In 1996, the MNLF signed a peace agreement with the administration of Fidel Ramos and entered civilian politics, although the agreement was opposed by the MILF and Abu Sayyaf. Moreover, the government failed to properly implement the autonomy arrangement. Negotiations between the government and the MILF continued until early 2000 when the MILF came under attack from the Estrada administration. However, the main force of violence in the conflict, apart from the government, has been the Abu Sayyaf whose declared aim is the establishment of an Islamic state based on Islamic law (shariah) in the south. However, the group has no significant political support and has failed to espouse any meaningful policy statement. Its program of terrorism, including bombings and kidnappings, is condemned by both the MNLF and the MILF. 71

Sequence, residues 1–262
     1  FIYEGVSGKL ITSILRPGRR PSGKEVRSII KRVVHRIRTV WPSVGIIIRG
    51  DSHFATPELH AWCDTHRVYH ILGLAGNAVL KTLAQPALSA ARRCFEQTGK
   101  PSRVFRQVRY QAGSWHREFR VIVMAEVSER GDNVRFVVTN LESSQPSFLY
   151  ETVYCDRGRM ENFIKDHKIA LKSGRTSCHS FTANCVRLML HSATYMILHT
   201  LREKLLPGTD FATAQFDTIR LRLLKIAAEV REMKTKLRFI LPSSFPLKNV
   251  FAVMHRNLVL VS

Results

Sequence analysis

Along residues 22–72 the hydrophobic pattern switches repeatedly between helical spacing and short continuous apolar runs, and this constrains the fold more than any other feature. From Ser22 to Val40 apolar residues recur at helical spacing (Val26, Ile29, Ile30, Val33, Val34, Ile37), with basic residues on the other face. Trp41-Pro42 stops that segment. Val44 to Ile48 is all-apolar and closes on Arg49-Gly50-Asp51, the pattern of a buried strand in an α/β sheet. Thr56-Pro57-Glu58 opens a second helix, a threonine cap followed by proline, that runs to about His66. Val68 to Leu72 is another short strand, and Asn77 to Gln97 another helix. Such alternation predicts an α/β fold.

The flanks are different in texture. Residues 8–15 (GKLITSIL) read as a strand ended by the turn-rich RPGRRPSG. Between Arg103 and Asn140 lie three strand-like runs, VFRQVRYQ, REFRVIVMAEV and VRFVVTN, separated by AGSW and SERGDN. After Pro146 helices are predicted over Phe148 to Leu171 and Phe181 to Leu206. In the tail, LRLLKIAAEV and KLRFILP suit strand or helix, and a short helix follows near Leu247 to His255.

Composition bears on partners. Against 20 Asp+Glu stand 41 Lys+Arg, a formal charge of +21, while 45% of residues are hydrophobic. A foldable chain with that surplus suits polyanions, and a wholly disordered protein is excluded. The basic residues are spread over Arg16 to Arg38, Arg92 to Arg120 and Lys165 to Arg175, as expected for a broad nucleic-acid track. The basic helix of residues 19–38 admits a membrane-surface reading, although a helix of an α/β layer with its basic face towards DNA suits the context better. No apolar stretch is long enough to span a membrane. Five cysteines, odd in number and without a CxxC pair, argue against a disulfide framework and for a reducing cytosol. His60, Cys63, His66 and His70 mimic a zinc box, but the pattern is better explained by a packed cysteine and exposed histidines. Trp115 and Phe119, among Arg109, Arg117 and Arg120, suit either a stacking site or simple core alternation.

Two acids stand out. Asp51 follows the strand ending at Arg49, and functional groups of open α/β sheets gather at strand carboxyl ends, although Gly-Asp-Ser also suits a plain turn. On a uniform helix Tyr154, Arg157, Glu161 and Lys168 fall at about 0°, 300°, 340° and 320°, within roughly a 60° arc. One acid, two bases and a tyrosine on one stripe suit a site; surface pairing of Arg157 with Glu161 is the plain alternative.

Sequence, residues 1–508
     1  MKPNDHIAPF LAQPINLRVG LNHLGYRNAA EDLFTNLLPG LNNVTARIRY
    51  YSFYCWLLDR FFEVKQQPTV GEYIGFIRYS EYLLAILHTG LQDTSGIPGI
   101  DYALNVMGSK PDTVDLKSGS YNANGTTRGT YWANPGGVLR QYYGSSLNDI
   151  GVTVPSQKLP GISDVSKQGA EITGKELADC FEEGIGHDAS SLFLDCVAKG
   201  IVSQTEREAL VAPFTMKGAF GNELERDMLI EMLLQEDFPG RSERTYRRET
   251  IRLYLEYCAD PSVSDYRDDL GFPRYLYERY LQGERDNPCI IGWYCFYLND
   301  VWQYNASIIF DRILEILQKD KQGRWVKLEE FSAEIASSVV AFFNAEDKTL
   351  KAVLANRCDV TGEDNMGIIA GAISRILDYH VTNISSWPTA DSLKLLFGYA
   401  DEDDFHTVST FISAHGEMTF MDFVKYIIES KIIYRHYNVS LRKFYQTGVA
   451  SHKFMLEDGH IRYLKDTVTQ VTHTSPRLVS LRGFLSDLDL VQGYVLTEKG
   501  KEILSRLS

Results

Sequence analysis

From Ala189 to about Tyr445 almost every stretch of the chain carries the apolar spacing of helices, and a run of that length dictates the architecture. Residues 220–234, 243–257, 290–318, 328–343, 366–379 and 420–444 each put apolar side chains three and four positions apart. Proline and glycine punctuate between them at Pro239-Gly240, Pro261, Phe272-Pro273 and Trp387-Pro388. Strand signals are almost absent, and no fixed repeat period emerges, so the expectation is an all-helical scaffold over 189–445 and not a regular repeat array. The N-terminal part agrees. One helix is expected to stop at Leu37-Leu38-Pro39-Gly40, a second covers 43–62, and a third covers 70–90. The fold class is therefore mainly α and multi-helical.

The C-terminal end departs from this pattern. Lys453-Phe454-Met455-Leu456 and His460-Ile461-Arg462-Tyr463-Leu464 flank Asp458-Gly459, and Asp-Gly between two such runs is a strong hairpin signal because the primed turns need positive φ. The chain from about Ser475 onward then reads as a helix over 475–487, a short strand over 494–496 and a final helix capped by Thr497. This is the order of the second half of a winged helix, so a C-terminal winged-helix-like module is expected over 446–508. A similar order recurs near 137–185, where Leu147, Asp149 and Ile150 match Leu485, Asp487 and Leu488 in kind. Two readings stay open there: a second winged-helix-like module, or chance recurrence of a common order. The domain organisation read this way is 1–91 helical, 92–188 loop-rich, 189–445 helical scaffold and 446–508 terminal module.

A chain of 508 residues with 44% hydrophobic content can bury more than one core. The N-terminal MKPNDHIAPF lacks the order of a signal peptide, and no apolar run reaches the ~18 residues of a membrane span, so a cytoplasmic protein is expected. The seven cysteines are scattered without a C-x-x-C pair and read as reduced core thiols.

The roots of the Abu Sayyaf lead us straight back to al-Qaeda. In the mid-1980s, Professor Abdul Rasul Sayyaf nominally headed an alliance of extremist armed groups financed by Osama bin Laden, among others, and influenced by Saudi Wahabism. He established a notorious but secretive "university"—Dawal al-Jihad—in the north of Peshawar, which functioned as a major terrorist training camp. Roughly 20,000 mujahideen from 40 countries--including the Philippines--were trained there by Pakistani military intelligence (ISI) with extensive CIA support in the form of expertise, weapons, and funds. Many of these fighters were in search of "other wars to fight," including in the Philippines, the Middle East, North Africa, and New York. It was not long before "a nucleus of Abu Sayyaf fighters had moved to the Philippines and were operating there under that name." The Philippines division of the Abu Sayyaf group conducted "kidnappings and bomb attacks on Christian and government targets" in the south. Among those coordinating operations in the Philippines with Afghan veterans of Abu Sayyaf was al-Qaeda operative Ramzi Yousef, the mastermind of the 1993 World Trade Center bombing plot and an author of Project Bojinka. The first half of Bojinka was implemented by Abu Sayyaf on December 11, 1994, in the bombing of a Philippines Airlines flight between Manila and Tokyo, and the targeting of 11 other American airliners over the Pacific on the same day. The latter plot failed due to the FAA's tighter security measures, but the plot was traced back by Philippine police and the FBI to Abu Sayyaf/al-Qaeda operative Yousef. The other half of Bojinka was eventually implemented on 9/11, involving a scheme to fly civilian planes into key US buildings.72 Another member of the Abu Sayyaf terror cell in Manila was 9/11 mastermind Khalid Shaikh Mohammed, a key al-Qaeda leader who participated in Yousef's Bojinka operation. He lived only a few floors from Yousef. 73